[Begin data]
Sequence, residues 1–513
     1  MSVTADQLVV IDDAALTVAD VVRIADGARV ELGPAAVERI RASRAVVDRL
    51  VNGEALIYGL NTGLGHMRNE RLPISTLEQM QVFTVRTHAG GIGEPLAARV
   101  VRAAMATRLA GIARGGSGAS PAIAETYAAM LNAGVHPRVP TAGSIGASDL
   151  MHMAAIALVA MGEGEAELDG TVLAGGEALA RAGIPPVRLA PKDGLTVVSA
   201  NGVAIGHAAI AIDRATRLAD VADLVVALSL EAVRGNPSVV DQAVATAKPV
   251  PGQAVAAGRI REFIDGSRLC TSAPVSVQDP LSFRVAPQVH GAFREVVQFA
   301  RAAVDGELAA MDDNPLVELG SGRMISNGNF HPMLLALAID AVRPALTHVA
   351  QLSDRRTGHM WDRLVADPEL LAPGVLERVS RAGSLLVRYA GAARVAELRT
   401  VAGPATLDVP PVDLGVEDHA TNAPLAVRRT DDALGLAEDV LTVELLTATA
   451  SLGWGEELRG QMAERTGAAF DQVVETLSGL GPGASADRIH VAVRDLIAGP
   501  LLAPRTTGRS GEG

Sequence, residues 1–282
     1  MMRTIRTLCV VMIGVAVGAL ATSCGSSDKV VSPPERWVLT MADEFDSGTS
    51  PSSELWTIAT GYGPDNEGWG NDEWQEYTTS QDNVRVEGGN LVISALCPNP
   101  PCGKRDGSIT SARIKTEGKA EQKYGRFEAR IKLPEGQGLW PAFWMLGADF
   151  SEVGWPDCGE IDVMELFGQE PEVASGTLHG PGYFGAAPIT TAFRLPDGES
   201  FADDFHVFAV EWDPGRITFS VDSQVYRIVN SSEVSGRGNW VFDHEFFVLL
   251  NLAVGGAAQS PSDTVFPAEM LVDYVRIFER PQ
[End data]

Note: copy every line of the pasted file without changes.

Sequence, residues 1–513
     1  MSVTADQLVV IDDAALTVAD VVRIADGARV ELGPAAVERI RASRAVVDRL
    51  VNGEALIYGL NTGLGHMRNE RLPISTLEQM QVFTVRTHAG GIGEPLAARV
   101  VRAAMATRLA GIARGGSGAS PAIAETYAAM LNAGVHPRVP TAGSIGASDL
   151  MHMAAIALVA MGEGEAELDG TVLAGGEALA RAGIPPVRLA PKDGLTVVSA
   201  NGVAIGHAAI AIDRATRLAD VADLVVALSL EAVRGNPSVV DQAVATAKPV
   251  PGQAVAAGRI REFIDGSRLC TSAPVSVQDP LSFRVAPQVH GAFREVVQFA
   301  RAAVDGELAA MDDNPLVELG SGRMISNGNF HPMLLALAID AVRPALTHVA
   351  QLSDRRTGHM WDRLVADPEL LAPGVLERVS RAGSLLVRYA GAARVAELRT
   401  VAGPATLDVP PVDLGVEDHA TNAPLAVRRT DDALGLAEDV LTVELLTATA
   451  SLGWGEELRG QMAERTGAAF DQVVETLSGL GPGASADRIH VAVRDLIAGP
   501  LLAPRTTGRS GEG

Sequence, residues 1–282
     1  MMRTIRTLCV VMIGVAVGAL ATSCGSSDKV VSPPERWVLT MADEFDSGTS
    51  PSSELWTIAT GYGPDNEGWG NDEWQEYTTS QDNVRVEGGN LVISALCPNP
   101  PCGKRDGSIT SARIKTEGKA EQKYGRFEAR IKLPEGQGLW PAFWMLGADF
   151  SEVGWPDCGE IDVMELFGQE PEVASGTLHG PGYFGAAPIT TAFRLPDGES
   201  FADDFHVFAV EWDPGRITFS VDSQVYRIVN SSEVSGRGNW VFDHEFFVLL
   251  NLAVGGAAQS PSDTVFPAEM LVDYVRIFER PQ